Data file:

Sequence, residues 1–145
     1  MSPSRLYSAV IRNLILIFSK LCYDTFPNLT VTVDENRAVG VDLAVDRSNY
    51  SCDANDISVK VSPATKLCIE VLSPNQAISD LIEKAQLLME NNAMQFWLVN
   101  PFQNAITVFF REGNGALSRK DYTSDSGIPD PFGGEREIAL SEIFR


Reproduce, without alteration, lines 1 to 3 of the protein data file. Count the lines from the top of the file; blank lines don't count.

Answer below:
Sequence, residues 1–145
     1  MSPSRLYSAV IRNLILIFSK LCYDTFPNLT VTVDENRAVG VDLAVDRSNY
    51  SCDANDISVK VSPATKLCIE VLSPNQAISD LIEKAQLLME NNAMQFWLVN